Sites, Range, Adaptation and Number

Genetic materials are tested and used over a range of sites, here are two workbooks connected to this. The problems considered are related to genotype by environment interaction; response surfaces; adaptation patterns; range over which materials can be used; width of adaptations within a reforestation material, number of test sites; number of test plants.

Number of sites and plants for testing
When setting up genetic tests, number of test plants and number of test sites are chosen, this program suggests optimal number of sites and number of plants. The program assumes (like a breeder) that the objective of the test is to maximize breeding value of selected entries. The program considers genotype environment interaction. The smaller the interaction between entries and test sites is, the fewer tests sites are needed. The cheaper it is to distribute test plants over many test sites, the more sites will be used. The optimal number of test plants per site does not depend on the resources available.
Click here for workbook. Similar considerations have recently lead to similar conclusions for Swedish Scots pine breeding (Hannrup et al 2007).

Adaptation losses and seed orchard zone size
A genetic material used where it is not perfectly adapted causes a loss. The workbook evaluates the size of this loss on a site and over a range. Such considerations are helpful to evaluate the suitable range of seed zones. Seed orchards are a composite genetic material, where plus-trees have been recruited from an area, and have adaptation patterns, which differ from that of a natural provenance. Thus they have a wider range of adaptation but are not perfectly adapted for a particular site. They represent a genetic gain, and will thus be superior to the local provenance within a range of sites. A powerpoint presentation of some points has been made. The ideas are presented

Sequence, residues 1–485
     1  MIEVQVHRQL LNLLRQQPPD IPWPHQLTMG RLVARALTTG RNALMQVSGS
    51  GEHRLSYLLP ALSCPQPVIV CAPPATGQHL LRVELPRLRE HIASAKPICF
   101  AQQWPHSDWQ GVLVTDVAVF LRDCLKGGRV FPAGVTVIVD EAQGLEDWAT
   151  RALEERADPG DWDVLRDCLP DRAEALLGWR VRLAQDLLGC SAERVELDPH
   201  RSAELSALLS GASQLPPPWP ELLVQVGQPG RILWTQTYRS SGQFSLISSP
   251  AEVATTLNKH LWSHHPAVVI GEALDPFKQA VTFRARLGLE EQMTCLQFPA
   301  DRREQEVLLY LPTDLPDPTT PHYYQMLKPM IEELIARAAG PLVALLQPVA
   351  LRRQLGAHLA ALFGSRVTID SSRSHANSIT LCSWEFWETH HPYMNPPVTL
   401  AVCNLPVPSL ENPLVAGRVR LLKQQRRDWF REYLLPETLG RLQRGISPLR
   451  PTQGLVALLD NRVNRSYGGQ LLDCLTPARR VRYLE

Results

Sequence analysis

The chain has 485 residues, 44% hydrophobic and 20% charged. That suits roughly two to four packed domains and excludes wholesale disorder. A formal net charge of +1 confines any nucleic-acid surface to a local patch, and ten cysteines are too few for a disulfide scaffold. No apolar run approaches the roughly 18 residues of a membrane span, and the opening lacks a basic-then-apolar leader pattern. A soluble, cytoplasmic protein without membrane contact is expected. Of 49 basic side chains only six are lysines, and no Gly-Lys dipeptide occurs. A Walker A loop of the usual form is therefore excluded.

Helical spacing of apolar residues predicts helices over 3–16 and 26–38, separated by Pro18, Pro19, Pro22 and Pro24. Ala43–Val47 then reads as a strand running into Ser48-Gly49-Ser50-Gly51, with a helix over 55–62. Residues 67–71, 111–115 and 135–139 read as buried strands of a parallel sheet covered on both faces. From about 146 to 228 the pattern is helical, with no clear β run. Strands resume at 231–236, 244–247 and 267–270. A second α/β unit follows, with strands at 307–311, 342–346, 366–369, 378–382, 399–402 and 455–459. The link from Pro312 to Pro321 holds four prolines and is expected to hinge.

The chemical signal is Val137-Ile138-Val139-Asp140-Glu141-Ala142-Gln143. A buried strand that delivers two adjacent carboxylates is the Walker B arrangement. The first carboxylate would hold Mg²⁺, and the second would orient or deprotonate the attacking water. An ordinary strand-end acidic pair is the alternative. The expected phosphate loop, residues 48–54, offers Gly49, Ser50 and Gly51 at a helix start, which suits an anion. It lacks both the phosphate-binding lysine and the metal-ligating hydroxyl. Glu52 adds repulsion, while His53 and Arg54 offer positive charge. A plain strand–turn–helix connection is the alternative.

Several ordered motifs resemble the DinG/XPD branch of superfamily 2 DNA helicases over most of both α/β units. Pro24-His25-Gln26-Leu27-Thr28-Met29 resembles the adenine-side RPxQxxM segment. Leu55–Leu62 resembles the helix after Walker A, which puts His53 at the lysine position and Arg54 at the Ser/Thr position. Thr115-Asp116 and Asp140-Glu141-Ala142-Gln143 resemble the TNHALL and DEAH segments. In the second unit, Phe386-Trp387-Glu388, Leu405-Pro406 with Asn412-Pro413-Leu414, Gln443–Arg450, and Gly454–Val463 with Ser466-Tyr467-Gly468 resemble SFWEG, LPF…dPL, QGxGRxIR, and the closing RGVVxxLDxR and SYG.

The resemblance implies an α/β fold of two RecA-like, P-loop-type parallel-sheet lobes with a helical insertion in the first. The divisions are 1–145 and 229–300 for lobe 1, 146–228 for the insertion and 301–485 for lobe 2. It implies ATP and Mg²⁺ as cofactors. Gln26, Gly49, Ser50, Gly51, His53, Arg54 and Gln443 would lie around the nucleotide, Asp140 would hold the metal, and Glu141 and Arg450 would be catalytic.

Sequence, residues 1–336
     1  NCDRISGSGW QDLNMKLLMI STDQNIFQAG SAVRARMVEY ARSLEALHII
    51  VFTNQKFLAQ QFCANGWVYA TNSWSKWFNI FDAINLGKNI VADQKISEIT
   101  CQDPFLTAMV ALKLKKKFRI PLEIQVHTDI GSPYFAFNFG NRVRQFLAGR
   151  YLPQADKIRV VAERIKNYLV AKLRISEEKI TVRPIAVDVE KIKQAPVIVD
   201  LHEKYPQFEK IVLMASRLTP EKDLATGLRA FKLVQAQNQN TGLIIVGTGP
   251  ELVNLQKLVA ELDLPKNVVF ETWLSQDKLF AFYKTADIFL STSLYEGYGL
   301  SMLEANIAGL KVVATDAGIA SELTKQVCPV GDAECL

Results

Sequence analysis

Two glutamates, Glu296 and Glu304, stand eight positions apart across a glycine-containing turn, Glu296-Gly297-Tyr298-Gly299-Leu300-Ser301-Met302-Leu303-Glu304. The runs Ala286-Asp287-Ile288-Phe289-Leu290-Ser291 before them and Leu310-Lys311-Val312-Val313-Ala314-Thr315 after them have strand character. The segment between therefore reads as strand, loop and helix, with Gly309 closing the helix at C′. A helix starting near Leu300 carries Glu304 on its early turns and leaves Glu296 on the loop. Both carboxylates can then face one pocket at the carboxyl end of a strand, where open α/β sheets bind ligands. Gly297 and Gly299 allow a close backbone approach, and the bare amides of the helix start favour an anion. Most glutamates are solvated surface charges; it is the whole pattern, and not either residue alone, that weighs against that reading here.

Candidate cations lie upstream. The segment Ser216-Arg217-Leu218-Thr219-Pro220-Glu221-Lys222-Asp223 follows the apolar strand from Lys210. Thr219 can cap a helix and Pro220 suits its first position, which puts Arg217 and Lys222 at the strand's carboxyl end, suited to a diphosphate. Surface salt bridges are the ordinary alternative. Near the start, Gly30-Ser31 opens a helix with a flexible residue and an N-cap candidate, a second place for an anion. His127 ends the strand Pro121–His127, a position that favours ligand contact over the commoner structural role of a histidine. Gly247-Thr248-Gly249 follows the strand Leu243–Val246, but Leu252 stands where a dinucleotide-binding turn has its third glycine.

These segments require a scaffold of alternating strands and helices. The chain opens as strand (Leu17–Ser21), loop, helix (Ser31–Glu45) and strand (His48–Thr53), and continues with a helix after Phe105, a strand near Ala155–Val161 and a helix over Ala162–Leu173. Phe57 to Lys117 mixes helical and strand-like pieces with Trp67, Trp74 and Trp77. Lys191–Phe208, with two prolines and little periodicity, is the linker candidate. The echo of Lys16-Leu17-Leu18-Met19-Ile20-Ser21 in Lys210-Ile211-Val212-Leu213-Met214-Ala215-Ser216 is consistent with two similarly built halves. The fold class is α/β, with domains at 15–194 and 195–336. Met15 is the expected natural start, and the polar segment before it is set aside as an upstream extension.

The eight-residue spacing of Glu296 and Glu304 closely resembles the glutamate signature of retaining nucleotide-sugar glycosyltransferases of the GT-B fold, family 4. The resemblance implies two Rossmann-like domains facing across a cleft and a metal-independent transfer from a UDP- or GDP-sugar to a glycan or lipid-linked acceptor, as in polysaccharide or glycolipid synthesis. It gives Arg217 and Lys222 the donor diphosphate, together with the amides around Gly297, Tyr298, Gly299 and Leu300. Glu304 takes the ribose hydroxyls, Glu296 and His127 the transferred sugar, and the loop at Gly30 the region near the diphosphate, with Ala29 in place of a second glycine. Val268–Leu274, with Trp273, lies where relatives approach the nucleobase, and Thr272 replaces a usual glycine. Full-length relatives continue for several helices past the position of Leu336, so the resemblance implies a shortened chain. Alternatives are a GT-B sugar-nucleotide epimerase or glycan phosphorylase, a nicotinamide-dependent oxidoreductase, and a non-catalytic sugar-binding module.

Click here for workbook.

Literature, which may be mentioned in connection with these worksheets:

Lindgren D 1985. Cost- efficient number of test sites for field trials. Biometrics, 41:887-893.

Lindgren D 1984. Prediction and optimisation of genetic gain with regard to genotype*environment interactions. Studia Forestalia 166:15-24. 

Lindgren D & Ying CC 2000. A model integrating seed source adaptation and seed use. New Forest 20: 87-104

Hannrup, B., Jansson, G. and Danell, Ö. 2007. Comparing gain and optimum test size from progeny testing and phenotypic selection in Pinus sylvestris. Can. J. For. Res. 37: 1227-1235.

A seminar in Spain 2008 give some reference to the adaptation function

This file was last edited 2008-05-27